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Knowledge of flap complications in finger pulp surgery and patient education--ethical implications

Knowledge of flap complications in finger pulp surgery and patient education--ethical implications

Chirurgie de la Main 20(2): 122-135

The two highest French courts have recently decided that not to fully inform a patient constitutes negligence, and that doctors should be able to prove that the information has been given. The medical community is now debating as to how to protect physicians without harming the doctor-patient relationship. Following this study we put forward the hypothesis that although information might not be available to surgeons nevertheless this should not prevent them taking the ethical steps necessary to redress the situation. We conducted a telephone interview to discover what surgeons knew about the complications of finger flaps used for the reconstruction of pulp defects. Four flaps were studied: the VY flap described by Atasoy, the island finger flap known as Ventataswami's, the reverse island flap and the thenar flap. Surgeons were asked to give the percentage of necrosis, infection, sensory disturbances, digital stiffness and exclusion, as well as the time off work, the time of healing and the sensory discrimination of the flap. The results obtained were compared to those obtained by a literature review. Twenty one qualified hand surgeons answered the questionnaire. Many answers were absent or only fragmentary when sought in the literature. Where complication rates were available, there was a huge variation among series. A large variety of answers was also found in our study. The direct island flap was the best known flap. Complications of the reverse island flap and the thenar flap were overestimated in the group interviewed. There is no true answer, either in the literature or from the study group. There is a gulf between the jurists' demand and the possibilities of knowledge by surgeons. We are still waiting for clinical studies that will answer the questions asked by patients regarding the complications of surgery. However, even if absolute knowledge is not available, it is the ethical duty of surgeons to give the patient information that is as close as possible as the "truth", and that will be helpful to them.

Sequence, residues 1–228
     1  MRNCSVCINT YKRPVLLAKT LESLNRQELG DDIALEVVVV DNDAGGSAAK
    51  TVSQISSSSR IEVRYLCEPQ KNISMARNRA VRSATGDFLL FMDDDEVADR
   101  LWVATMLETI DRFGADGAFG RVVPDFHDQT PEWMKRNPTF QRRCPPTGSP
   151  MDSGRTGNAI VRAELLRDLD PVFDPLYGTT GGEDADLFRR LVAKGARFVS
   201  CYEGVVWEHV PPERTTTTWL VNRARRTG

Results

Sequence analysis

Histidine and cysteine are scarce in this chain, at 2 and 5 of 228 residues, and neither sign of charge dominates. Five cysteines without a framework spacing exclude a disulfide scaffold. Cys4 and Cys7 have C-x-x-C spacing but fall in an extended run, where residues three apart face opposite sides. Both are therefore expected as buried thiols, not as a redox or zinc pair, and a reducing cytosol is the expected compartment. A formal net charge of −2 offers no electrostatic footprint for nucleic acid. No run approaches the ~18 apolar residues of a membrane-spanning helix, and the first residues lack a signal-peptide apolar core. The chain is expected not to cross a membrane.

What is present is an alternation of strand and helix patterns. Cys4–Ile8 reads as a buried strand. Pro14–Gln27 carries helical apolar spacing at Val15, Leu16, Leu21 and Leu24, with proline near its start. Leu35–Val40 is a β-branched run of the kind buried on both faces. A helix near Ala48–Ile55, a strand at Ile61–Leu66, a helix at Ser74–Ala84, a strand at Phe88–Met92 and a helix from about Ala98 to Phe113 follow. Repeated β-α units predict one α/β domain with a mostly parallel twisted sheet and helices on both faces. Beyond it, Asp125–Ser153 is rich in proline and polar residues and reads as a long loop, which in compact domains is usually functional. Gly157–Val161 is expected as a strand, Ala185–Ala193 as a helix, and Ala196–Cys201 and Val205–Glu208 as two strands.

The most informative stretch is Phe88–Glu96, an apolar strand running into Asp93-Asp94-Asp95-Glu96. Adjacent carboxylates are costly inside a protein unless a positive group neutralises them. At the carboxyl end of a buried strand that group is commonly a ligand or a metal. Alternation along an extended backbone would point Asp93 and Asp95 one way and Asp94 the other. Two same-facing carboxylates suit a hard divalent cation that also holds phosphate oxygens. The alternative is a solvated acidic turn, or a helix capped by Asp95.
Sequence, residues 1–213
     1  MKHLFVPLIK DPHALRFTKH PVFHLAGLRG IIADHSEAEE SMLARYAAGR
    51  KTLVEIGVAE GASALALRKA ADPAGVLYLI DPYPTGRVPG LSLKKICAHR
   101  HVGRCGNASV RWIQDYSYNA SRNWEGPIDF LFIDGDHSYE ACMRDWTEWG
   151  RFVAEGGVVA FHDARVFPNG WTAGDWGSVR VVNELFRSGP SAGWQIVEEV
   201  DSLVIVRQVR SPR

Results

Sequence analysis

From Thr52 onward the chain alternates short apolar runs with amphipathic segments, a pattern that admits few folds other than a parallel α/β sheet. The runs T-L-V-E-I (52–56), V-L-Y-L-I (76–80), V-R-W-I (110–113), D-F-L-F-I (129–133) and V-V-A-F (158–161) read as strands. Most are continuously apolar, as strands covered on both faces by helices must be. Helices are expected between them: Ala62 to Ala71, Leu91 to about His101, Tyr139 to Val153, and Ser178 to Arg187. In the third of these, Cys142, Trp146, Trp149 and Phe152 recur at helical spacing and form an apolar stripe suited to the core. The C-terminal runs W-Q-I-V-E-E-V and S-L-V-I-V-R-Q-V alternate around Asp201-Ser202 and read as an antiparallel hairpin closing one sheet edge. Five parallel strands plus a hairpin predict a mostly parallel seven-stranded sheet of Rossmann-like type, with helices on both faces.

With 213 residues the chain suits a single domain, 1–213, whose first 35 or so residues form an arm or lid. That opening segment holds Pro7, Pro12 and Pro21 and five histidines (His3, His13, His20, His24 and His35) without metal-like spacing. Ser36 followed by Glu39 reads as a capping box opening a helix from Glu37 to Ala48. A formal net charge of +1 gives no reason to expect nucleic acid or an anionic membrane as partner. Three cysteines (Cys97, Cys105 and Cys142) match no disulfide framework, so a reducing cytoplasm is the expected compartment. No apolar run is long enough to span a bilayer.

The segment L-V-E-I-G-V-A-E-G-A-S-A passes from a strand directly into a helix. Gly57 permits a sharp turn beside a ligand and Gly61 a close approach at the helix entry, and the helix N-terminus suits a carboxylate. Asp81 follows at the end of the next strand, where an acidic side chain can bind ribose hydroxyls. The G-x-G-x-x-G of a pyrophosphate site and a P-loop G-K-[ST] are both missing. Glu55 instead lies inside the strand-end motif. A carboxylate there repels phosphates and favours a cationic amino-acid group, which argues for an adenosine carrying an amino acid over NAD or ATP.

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Accession: 046508429

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PMID: 11386171

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